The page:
Wednesday, October 22, 2008

Ain't Life A Snitch?????


"Jose Canseco just snitchin because he finish"
Hustlin by Rick Ross


Since we were kids, we were always told that "nobody likes a tattle tale". In 2004, that was taken to a new level. In Baltimore, Maryland, a dvd entitled "Stop Snitchin" was released. In it, local drug dealers, and even then rookie NBA player Carmelo Anthony, railed against individuals who cooperated with authorities. (Anthony later renounced his involvement and claimed that it was all just a joke). Though the "Stop Snitchin" campaign has remained controversial, the undercurrents of it are still present in our society. I have never "snitched" to the police, however I am conflicted on the whole process. In this blog, I want to debate the merits of snitchin. For both the snitch, and those who have been snitched on.

Jose Canseco was a great baseball player who burst onto the scene in 1986, winning the Rookie of the Year award. In 1989, with his fellow "Bash Brother" Mark McGwire, Jose Canseco helped lead his Oakland A's to a World Series title. He was also the first person in Major League Baseball history to hit 40 homeruns, and steal 40 bases in the same major league season. (The feat for which Jay-Z's 40/40 club is named). Canseco was on top of the world. But as his superstar status turned into mediocre status, Canseco bounced around from team to team. Finally in 2001, Canseco called it a career. Not so much because he no longer had the ability to play Major League Baseball, but in his opinion he was being blacklisted. See Jose had a secret. And he believed that Owners and Major League Baseball officials didn't want him to reach certain milestones that would enhance his chances of being enshrined in the Baseball Hall of Fame.

Canseco decided that he would exact his revenge against Major League Baseball by outing those players in the league whom he either did steroids with, saw doing steroids, or in some cases introduced steroids to. In his book "Juiced: Wild Times, Rampant 'Roids, Smash Hits & How Baseball Got Big", Canseco tells of personally injecting with steroids such Major Leaguers as the afore mentioned Mark McGwire, Juan Gonzalez, Ivan Rodriguez, and Rafael Palmeiro. He also speculated on probable steroid use by Roger Clemens, Sammy Sosa, and Barry Bonds. This book was a revelation for some, and just confirmation for others. Either way, Canseco solidified himself as a pariah within the Major League Baseball community. Canseco's book even lead to Congressional hearings on the Steroid matter.

As a huge baseball fan, I actually supported Jose Canseco "snitchin". Not so much that I felt Steroids were ruining baseball, hell I rooted with half of America for Sammy Sosa to break the single season homerun record. So for me to get on my moral high horse now would be disingenuous. The part about Canseco snitchin that bothered me was that it came purely from a place of revenge. If Canseco just felt compelled to do the right thing, I could understand much better. But Canseco was after blood, and it appeared that he would have sold out his mother in order to achieve vindication.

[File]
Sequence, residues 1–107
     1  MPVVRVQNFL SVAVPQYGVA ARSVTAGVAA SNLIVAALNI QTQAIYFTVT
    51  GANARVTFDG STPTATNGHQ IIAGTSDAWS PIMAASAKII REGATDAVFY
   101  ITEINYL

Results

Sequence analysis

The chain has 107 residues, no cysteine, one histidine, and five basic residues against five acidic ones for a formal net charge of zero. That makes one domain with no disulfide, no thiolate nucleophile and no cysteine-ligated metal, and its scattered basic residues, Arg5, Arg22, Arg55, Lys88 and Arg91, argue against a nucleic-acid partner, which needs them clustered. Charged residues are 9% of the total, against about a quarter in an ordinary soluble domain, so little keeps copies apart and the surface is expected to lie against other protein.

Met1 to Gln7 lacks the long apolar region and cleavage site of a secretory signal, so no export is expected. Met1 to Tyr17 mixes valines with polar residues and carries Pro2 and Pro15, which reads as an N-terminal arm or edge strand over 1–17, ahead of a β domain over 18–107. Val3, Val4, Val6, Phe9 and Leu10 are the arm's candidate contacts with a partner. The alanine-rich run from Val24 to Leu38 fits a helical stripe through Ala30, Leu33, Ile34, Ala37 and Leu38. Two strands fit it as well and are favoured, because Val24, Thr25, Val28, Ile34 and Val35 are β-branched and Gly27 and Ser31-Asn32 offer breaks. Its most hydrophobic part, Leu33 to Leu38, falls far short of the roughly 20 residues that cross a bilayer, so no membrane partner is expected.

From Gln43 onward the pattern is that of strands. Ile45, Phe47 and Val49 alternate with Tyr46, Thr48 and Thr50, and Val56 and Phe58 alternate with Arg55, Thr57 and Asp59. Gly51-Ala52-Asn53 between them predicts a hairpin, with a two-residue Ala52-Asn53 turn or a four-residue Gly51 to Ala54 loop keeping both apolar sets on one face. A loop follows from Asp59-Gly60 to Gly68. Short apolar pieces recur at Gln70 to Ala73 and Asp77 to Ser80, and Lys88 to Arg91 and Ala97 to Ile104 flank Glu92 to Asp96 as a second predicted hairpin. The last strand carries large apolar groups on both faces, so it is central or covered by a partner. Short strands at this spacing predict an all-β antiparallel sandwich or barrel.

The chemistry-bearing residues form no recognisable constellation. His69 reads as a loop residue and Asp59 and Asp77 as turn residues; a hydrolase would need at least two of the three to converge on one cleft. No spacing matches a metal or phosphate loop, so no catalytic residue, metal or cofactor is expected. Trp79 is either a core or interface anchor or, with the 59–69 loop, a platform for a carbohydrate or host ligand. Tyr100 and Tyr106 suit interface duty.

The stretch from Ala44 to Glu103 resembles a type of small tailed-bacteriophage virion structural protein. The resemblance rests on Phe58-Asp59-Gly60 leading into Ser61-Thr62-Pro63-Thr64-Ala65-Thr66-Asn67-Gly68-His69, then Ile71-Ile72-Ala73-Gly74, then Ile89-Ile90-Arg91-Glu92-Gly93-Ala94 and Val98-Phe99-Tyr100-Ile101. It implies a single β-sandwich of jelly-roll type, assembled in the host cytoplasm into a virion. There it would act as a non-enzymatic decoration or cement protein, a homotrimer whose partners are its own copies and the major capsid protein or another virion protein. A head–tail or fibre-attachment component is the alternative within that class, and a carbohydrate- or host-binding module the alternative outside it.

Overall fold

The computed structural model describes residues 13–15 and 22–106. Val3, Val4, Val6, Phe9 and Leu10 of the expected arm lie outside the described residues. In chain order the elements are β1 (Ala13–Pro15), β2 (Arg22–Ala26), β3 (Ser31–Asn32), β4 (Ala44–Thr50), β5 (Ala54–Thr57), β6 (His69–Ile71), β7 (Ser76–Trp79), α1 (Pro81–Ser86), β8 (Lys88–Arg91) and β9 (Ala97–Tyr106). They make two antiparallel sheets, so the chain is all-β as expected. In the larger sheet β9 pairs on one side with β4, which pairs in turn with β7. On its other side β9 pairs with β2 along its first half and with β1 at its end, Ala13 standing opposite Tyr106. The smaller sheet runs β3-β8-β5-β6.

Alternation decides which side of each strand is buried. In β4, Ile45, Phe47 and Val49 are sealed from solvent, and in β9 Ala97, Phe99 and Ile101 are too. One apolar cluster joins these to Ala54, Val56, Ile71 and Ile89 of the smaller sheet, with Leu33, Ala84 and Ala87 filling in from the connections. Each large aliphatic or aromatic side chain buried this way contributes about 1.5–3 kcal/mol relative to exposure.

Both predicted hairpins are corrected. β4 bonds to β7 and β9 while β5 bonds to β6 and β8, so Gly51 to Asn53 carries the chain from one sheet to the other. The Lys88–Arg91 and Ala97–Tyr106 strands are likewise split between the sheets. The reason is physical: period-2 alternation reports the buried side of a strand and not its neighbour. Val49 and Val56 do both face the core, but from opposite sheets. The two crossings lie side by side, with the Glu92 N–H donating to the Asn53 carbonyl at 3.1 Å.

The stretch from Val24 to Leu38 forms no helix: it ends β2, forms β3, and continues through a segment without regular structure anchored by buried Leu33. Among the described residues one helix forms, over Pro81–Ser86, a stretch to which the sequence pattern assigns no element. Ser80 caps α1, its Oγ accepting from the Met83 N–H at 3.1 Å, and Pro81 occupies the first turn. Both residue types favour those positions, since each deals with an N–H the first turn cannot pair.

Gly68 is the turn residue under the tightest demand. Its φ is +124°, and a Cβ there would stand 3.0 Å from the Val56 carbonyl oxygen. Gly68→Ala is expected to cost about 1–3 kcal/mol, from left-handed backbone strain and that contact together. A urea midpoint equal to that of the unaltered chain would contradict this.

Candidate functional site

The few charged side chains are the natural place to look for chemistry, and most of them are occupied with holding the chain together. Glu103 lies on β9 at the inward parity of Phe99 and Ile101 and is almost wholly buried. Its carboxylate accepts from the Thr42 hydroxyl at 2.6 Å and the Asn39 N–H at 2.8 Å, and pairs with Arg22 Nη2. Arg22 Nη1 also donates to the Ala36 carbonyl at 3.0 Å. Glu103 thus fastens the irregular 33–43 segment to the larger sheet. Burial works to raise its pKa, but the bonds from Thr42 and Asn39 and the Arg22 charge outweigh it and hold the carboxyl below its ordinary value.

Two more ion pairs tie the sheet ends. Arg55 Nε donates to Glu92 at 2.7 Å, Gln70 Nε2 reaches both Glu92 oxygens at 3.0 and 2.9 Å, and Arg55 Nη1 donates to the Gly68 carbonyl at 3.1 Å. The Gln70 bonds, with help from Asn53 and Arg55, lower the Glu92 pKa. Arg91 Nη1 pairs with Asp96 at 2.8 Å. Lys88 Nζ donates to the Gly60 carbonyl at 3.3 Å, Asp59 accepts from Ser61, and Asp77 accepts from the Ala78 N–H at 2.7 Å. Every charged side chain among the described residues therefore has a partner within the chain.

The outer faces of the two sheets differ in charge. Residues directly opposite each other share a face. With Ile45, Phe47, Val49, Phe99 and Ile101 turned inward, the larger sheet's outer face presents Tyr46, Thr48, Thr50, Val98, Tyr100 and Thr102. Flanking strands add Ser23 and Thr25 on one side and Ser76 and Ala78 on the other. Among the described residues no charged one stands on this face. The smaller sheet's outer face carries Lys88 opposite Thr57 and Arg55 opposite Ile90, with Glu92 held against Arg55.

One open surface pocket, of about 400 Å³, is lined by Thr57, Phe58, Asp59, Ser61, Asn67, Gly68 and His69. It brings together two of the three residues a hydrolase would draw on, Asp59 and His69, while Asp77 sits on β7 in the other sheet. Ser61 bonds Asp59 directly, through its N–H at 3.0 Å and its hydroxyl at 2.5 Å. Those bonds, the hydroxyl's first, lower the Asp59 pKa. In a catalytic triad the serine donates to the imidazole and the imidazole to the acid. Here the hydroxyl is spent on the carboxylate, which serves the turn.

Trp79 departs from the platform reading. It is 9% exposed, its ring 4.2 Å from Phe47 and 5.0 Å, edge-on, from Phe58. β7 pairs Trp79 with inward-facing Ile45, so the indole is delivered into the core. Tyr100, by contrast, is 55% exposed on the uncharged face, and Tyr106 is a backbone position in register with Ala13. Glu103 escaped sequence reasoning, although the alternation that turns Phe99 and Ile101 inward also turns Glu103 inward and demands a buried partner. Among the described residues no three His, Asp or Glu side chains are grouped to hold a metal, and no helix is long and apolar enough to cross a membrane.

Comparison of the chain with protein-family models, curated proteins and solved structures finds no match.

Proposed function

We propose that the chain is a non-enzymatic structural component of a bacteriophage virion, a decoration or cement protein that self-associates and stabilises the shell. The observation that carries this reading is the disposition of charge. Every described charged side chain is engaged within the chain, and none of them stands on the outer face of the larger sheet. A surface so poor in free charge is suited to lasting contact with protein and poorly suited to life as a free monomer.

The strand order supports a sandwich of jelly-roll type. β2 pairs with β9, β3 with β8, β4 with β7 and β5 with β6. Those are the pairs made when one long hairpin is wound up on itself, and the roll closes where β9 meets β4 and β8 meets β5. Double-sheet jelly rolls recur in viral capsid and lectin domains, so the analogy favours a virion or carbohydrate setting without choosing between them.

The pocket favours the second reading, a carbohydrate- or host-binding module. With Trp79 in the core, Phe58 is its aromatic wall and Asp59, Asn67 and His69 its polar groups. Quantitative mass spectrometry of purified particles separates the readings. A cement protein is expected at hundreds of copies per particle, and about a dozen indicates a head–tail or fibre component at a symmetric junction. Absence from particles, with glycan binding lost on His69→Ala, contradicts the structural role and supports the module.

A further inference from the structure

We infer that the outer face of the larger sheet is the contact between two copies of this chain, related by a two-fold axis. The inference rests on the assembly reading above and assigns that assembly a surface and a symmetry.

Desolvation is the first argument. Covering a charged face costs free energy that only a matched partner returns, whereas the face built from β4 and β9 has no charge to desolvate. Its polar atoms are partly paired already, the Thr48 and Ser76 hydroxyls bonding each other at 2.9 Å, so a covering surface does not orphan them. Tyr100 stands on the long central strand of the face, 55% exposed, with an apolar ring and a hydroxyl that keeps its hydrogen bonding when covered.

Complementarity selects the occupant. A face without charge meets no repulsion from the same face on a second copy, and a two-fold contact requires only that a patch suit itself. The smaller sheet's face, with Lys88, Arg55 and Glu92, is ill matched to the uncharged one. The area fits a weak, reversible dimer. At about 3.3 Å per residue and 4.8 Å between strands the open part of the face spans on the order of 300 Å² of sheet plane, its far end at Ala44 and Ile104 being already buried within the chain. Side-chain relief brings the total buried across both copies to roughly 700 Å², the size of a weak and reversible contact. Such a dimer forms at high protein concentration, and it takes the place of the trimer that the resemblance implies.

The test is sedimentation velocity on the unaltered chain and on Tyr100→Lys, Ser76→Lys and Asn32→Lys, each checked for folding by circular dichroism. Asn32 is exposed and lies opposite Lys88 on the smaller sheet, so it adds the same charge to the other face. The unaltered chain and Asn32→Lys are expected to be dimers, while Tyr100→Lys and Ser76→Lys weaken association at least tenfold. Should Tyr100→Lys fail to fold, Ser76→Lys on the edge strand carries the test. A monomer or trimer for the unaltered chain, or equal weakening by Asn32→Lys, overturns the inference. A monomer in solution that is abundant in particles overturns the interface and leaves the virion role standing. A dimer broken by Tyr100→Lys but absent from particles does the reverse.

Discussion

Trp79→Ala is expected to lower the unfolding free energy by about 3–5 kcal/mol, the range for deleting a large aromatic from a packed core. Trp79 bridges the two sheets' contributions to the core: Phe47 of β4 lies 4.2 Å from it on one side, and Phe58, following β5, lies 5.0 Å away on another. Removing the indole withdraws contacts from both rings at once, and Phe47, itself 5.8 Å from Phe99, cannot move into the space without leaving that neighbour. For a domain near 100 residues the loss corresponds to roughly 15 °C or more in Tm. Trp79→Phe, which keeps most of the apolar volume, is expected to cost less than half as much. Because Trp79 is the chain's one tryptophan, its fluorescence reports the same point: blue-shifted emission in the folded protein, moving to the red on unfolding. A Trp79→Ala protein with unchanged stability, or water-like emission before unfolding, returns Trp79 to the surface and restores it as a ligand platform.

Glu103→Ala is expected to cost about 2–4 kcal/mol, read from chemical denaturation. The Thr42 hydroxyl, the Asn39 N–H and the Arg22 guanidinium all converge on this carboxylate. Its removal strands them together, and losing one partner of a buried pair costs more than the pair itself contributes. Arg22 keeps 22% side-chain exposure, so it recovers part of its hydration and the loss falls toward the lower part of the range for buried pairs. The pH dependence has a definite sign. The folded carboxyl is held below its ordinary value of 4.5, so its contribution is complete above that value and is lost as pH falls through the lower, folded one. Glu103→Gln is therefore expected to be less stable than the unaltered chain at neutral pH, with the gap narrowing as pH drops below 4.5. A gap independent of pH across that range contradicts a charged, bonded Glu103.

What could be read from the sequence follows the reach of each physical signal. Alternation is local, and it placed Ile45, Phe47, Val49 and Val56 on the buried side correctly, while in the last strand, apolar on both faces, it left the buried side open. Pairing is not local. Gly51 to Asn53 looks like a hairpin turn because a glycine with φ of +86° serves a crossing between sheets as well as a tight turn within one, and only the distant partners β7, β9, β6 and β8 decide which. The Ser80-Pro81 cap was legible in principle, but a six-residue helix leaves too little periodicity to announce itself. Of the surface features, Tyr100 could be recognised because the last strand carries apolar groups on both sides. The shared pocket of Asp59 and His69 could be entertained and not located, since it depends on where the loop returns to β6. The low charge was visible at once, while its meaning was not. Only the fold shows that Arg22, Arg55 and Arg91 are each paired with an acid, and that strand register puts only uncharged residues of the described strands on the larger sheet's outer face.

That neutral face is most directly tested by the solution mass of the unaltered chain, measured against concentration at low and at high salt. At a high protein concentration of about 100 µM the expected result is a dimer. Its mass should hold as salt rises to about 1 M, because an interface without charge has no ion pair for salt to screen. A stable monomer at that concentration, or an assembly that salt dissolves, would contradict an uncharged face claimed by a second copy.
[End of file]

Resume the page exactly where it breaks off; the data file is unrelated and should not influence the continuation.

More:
Now three years after his book release, Canseco seems to have had a change of heart. In a one hour documentary shown on the A&E network, Canseco says that he regrets naming individuals as steroid users. He says that the fire that his book started went way beyond what he ever expected. In my opinion, that's crap. Canseco knew exactly what he was doing. He knew just where his book would lead. Major League Baseball banned Pete Rose for gambling on baseball, and the members of the 1919 Chicago White Sox, or Black Sox as they are known, are still considered banned from Baseball for throwing the 1919 World Series. So where as I could give Canseco some credit for having the guts to come out and speak about rampant steroid use, even if with ulterior motives, I can give him zero credit for going back on it and saying that he had no idea it would lead to this kind of reaction.

What can be said about O.J. Simpson that hasn't already been said? Probably nothing, but I won't let that stop me from speaking my two cents. I found the most recent Simpson trial to be absolutely hilarious. Partly because of the fact that this fool gave the authorities a second chance to fry him, but mostly because of the way he was taken down. In case you've been in a coma for the past year, let me give you a quick recap of the events that took place. O.J., and several other men burst into a room at the Palace Station Casino in Las Vegas, Nevada, in order to retrieve memorabilia that O.J. felt was stolen from him. Within hours of the "heist", all the participants were taken into custody. And that's when the fun really began.